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Comment: Re:whine (Score 1) 205

by mwvdlee (#46765283) Attached to: How 'DevOps' Is Killing the Developer

Developer "D" is paid to create software; he must get code in production to get good reviews and keep his job.
Operator "O" is paid to keep the production stable; he must keep unfit code out of production to get good reviews and keep his job.

These two roles work well with conflicts; D quickly creates code, O says "no go", D improves code, O accepts code. D gets a bad review but the company is okay.

When combined in a single person D+O quickly creates code, knows he should say "no go" but als knows he'll get bad reviews if he does. D+O knows it might go wrong, but decides a risk of a bad review is better than an absolute certainty. D+O may make a few minor tweaks to the code that still fit within the deadline but after that it's released.

The trouble is that individually, both the developer and the operator can make good choices from their own perspective. Working together, they're able to make the choice that's best for the company. As a combined role, the DevOp cannot make any good choices because there are no choices that fit both of his perspectives at once. Instead, the DevOp will choose at random at best.

Obviously, the world isn't that binary, but these situations do happen.

FWIW, I have a DevOp role in real life. I'll be very glad to get rid of one of the roles as soon as we can hire additional personel because I'm damn well aware that I have to make these bad choices. As a developer I'm the worst judge of my own code, yet as an operator I'm the only judge standing between the production environment. If you think you're a good judge of your own code, you are in fact much, much worse.

Comment: Re:Heading off the Republic Pedants (Score 1, Troll) 684

by mwvdlee (#46764913) Attached to: Study Finds US Is an Oligarchy, Not a Democracy

One cannot argue that in today's United States we have liberty - cutting down a tree requires a permit, even when there are no safety considerations. Growing various plants is illegal. Operating a hair-cutting business without the proper permits is illegal. The list goes on...

Is that because government is evil or because people in general are evil?
If people would only ever cut down the few trees they actually need, you'd still have the liberty. But there will always be people who think that if cutting a tree for your own house is okay, then cutting down all trees so everybody has to pay you for wood is equally okay.
Laws exists not for the vast majority that would not abuse freedoms, they exist to protect that vast majority from the minority that would.

Comment: Re:whine (Score 4, Interesting) 205

by mwvdlee (#46764321) Attached to: How 'DevOps' Is Killing the Developer

DevOps is all about creating dangerous conflicts of interrest.
DevOps may be acceptable in a startup where there simply aren't enough people to separate the roles.
As soon as there are enough people, the roles should be separated.

A devops guy is basically judge, jury and executioner of his own work; it's destined to fail.

Comment: Re:Nuclear? (Score 1, Interesting) 423

by mwvdlee (#46744969) Attached to: UN: Renewables, Nuclear Must Triple To Save Climate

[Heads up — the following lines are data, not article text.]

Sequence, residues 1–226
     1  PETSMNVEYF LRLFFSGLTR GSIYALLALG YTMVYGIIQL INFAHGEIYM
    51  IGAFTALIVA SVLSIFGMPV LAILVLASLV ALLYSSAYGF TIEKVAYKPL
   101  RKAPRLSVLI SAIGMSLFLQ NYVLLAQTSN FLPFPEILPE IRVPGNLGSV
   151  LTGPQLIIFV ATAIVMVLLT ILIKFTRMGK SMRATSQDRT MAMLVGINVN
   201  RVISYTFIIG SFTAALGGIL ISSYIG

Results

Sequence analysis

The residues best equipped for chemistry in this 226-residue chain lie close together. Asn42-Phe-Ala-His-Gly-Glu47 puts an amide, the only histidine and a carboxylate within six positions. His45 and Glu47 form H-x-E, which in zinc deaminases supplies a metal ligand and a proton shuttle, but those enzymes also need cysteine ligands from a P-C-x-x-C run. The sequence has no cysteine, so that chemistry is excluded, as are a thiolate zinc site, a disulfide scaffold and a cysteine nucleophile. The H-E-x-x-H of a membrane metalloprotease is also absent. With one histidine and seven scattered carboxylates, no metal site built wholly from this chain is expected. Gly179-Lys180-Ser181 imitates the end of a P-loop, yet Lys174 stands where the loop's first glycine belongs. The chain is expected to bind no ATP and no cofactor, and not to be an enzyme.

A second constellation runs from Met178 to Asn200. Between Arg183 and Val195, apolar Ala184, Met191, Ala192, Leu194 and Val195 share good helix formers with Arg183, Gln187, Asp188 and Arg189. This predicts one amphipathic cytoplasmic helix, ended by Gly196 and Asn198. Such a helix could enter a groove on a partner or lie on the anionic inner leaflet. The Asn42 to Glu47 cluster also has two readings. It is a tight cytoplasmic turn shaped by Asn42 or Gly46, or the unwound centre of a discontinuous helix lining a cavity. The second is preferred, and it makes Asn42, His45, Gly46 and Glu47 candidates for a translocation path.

Greenpeace is a prime example of an organisation that doesn't know when to quit.

As some point Greenpeace actually reached it's targets. Instead of throwing a celebration party and disbanding, they started looking for new targets, regardless of whether they actually made sense; Greenpeace's unwritten goal became the continued existence of Greenpeace itself.

Comment: Can the writings be read? (Score 5, Interesting) 428

by mwvdlee (#46741517) Attached to: Is Germany Raising a Generation of Illiterates?

I take value in writing correctly (my native tongue is Dutch, not English, in case anybody finds errors).
But language is not something defined by laws; it is alive, changing and evolving all the time.
I may enjoy writing following proper grammar rules, but that's just my personal preference and just because I like it, doesn't mean everybody should do so.
If the text written using this method can be read as easy and fast as text written according to the rules, what really is the problem?

Comment: Re:Can't the US follow their plans? (Score 5, Insightful) 172

by mwvdlee (#46729971) Attached to: Cost Skyrockets For United States' Share of ITER Fusion Project

Reality of projects budgets 101:
If you give the correct high estimate, they won't give you the money.
If you give the fake low estimate, they will give you the money and pay extra later on because they're already invested.
Especially if budgets have to compete, they will most likely be too low.
When budgets are that high, nobody controlling investments really has a grasp of the value of the money.

Comment: Quantum fluctuations (Score 1) 590

I have some basic understanding on a non-physicist level of what quantum physics is all about, the weirdness that is involved with it and how it scales to the world I can see, but this I simply cannot fathom.

How can quantum fluctuations occur in absolute nothingness?

Comment: Re:Whatever you may think ... (Score 1) 444

by mwvdlee (#46722997) Attached to: Heartbleed Coder: Bug In OpenSSL Was an Honest Mistake

Yes you can and indeed the owner of the car would not be responsible.
If anybody steals your car and hits somebody, you won't be liable.
If you yourself are both owner and driver though...

I think Skoda or Dacia or whatever car brand you drive is not liable for damage caused by the owners or drivers of their cars either.

I don't want to achieve immortality through my work. I want to achieve immortality through not dying. -- Woody Allen